Scott Walker is a legend of massive proportions.

He has come a long way since first starting in the music business as a teenage pin up back in the late 50s, In the early 60s he met up with John Maus, who is also known as John Stewart, Scott at the time was a bass player, and between 1963 and 1964 they recorded instrumentals and vocal tracks under the moniker of the Dalton Brothers. They are collected on a vinyl LP under the name of 'I Only Came to Dance with You' by John Stewart and Scott Engel.

Scott and John first started using the name, Walker, to fake their age on I.D. to get them into nightclubs in the early 60’s. The Walker Brothers, as they became when they were joined by drummer Gary Leeds, did not become famous until they came over to England from America, When they did, the good looks of Scott, John and Gary attracted near Beatlemania. This took its toll on Scott, and, after the Walker Brothers split in 1967, he released a number of solo albums in the late 1960s and early 1970s, including the much acclaimed ‘Scott 4’ (1969). In the late 70s, The Walker Brothers reformed and recorded three final albums, ‘No Regrets’ (1975), ‘Lines’ (1977) and ‘Nite Flights’ (1978). They played a few last shows but by the end of the 70s Scott’s career as a live performer had come to the end.

He returned in 1984 with a new solo album, ‘Climate of Hunter’; which at the time barely sold. 11 years later he delivered ‘Tilt,’ and performed two songs on it on Jools Holland's ‘Later’ in a blacked-out studio with no audience and just the cameraman present. In 1999, he scored the French in**st movie, ‘Pola X’. The following year he curated the ‘Meltdown’ Festival in London and then two years later he produced parts of Pulp's ‘We Love Life’ album. In 2006, he signed to 4AD, and released ‘The Drift’ the following year and also a four track EP called ‘And Whom Shall Go to the Ball ?’ which was commissioned for a dance company, but featured songs that were written for and weren’t used on ‘The Drift’

‘Drifting and Tilting’ was performed over three nights at the Barbican in London, with Scott, while he didn’t appear, producing it and choreographing it. I was at the third night, and, as I didn't get a ticket to a few days before, had to get a balcony ticket. Sadly I couldn’t see the band playing at the back of the stage because I had a restricted view. The band was, however, the working band that Scott has used on the last two albums, The show was very much theatre based, a mixture of live music and dance. It was very short, seventy minutes in total, and only eight songs long,

‘Cossacks Are’, which is the first track on ‘The Drift’, opened the show and was performed by ex-Pulp front man Jarvis Cocker. Jarvis, who is now fully bearded, delivered it in dry fashion, and appeared on stage dressed as a commuter, reading a newspaper. The music was drum heavy and very industrial.

‘Jesse (September Song)’ was performed by ex-Virgin Prune, Gavin Friday. Again from ‘The Drift’, this was a torch song which found Gavin on his knees, almost like he was praying for his life. It is a song about Elvis Presley's still born twin brother, whom the young Elvis used to talk to in times of despair.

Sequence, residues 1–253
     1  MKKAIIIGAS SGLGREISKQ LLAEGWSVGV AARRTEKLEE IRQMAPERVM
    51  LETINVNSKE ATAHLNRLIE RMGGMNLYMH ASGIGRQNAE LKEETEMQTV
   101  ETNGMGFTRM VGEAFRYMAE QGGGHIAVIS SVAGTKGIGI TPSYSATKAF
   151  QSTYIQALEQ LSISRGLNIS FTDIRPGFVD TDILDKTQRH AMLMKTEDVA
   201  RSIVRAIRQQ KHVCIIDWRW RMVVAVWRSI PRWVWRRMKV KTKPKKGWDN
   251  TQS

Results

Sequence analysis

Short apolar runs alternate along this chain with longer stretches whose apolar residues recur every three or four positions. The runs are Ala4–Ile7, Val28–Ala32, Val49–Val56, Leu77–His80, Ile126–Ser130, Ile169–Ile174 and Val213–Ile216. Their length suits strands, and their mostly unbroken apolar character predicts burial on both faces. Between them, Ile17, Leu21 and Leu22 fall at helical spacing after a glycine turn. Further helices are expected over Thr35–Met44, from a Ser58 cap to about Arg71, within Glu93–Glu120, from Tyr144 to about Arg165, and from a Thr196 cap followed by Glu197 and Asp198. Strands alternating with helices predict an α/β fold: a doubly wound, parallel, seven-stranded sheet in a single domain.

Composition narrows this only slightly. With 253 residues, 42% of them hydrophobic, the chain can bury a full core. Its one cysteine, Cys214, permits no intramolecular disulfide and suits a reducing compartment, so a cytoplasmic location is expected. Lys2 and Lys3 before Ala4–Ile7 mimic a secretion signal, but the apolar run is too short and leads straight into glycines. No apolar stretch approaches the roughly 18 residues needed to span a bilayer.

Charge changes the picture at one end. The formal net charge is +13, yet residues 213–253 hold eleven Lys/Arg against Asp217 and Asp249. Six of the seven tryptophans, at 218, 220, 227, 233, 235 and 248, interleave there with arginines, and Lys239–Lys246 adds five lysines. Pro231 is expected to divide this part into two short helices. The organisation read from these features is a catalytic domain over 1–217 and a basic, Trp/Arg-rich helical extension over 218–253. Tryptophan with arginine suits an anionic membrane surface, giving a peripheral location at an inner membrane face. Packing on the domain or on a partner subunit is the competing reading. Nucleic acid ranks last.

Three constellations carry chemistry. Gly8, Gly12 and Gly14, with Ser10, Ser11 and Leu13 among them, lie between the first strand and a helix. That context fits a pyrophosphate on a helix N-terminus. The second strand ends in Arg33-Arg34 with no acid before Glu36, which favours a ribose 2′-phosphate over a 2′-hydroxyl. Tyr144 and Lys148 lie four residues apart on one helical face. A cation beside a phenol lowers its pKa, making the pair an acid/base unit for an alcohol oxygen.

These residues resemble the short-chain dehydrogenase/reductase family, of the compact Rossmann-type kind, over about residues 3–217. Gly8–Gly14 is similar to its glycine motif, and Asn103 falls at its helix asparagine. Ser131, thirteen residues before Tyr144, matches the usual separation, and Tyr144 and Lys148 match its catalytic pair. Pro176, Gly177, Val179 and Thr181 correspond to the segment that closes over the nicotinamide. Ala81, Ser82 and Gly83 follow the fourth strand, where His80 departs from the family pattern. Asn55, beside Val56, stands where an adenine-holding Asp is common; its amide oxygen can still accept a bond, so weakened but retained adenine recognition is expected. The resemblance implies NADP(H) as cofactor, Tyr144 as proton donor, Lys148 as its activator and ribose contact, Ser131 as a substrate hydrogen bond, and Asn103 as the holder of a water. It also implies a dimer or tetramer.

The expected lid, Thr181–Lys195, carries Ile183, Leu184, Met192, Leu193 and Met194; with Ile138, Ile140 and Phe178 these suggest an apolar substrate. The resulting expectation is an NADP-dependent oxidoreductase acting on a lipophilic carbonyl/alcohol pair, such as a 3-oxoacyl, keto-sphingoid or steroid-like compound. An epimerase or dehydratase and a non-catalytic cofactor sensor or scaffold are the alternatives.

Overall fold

‘Clara( Benito's Dream)’ is the second track from ‘The Drift’ and was performed as a three piece by Owen Gilhooly, Dot Allison, and Nigel Richards. It is a song about the execution of the Italian fascist leader Benito Mussolini, who was shot and whose body was hung afterwards on public display to be mocked at by a gathering crowd. It was sung in an opera fashion, and mixed together industrial beats and Bernard Hermann-like strings. There were lots of visuals on a screen as well, including one of a boxer punching the side of a slab of raw pork.

‘Patriot’ from ‘Tilt’ had no singer on stage as far as I could see but featured a dance performance instead from an overweight transvestite. A few people walked out at this stage as apparently they had done on the two previous nights as well. Sang as a duet, it featured a vocal from the absent Scott.

‘Buzzers (faces of the grass)’ from ‘The Drift’, had Dot Allison dressed like Alice in Wonderland and standing below a glass tree. This was Dot's big solo number and she was backed by smooth acoustic guitar.

‘Jolson and Jones’, which is again from ‘The Drift’ ,was a big opera number sung by Nigel Richards and was backed by an industrial tune.

‘Cue(Flugleman)’, which was sung by Michael Henry, is a song about Sudan and the holy ghost.

The whole performance was closed as it was opened by one of Britpop's biggest stars, this time Damon Albarn of Blur. He sung ‘Farmer in the City’, the opening number from ‘Tilt'.The most melodic song here, it was still decidedly eccentric. It was sung by Damon wearing wellies on an auction stand. On either side of him Owen and Nigel stood dressed in Wicker Man-like masks providing backing vocals.

This was a fine closer, before afterwards the cast and crew all came back on stage to take their bows. While Scott wasn't on stage, he was in the audience and signing autographs and records both before and after the show.

This was one of the year’s stand out events, but definitely one for Scott's hardcore audience and music fans with open minds only.










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Commenting On: Barbican, London, 15/11/2008 - Drifting and Tilting - The Songs of Scott Walker








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